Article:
Oddly, the generate script does not yet create validators, meaning there is no convention (yet) to store the classes. For the moment, I create mine in app/models/validators and load the classes from environment.rb with config.load_paths += %W( #{RAILS_ROOT}/app/model/validators ). You may choose to keep your validators in lib.

One shortfall of validates_format_of was addressed recently, too. Up untikl last week, the rule checked for conformity of a string with the aptly named :with, but if you wanted to assert non-conformity, you typically had to write your own code using either validates_each or a plain old validate. For example, to exclude email addresses from the domain example.com, I might write:

class EmailAddress < ActiveRecord::Base
  attr_accessor :domain
  validate :acceptable_domain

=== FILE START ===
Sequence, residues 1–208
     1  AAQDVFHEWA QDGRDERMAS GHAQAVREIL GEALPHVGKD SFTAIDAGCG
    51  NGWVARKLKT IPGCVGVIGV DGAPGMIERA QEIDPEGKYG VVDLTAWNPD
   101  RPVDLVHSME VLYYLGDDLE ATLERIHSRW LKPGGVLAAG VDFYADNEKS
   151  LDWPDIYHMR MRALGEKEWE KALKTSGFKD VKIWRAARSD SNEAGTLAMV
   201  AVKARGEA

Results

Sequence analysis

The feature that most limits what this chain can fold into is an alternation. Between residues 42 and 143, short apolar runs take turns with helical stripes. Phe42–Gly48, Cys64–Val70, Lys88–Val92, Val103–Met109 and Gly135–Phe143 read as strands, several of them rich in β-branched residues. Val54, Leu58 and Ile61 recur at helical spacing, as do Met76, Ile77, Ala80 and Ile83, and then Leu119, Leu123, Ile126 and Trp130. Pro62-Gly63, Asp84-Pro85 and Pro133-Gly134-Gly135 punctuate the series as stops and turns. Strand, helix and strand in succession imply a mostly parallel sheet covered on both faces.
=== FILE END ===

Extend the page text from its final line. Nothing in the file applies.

def acceptable_domain
    errors.add_to_base( "Invalid domain") unless

Yuck. (By the way, the attr_accessor :domain and the similar code used in the previous example are shortcuts to add a property in the models without defining actual fields in the migrations.) However, with a recent patch, the task becomes much more succinct.

class EmailAddress < ActiveRecord::Base
  attr_accessor :domain

  validates_format_of :domain, :without => /example\.(org|com|net|biz)$/

Mates of State

Many problems can be represented by a state machine. For example, in an online store, an order can transition between many states as it winds it way to a customer, where each transition requires some processing. The order might start as unpaid, a kind of limbo. Next, the order is deemed paid, which generates a pick list for the warehouse. Once all the items are collected, the order might be marked complete, which generates a shipping label, and so on.

Several plugins provide state machines for Rails, but the feature is so fundamental, the best features of available solutions were integrated into the core to create ActiveRecord::StateMachine. To add a state machine to any class, you simply include it and create a state string field in your table. Here’s an example of a state machine to implement some fictional order processing rules.

class Order < ActiveRecord::Base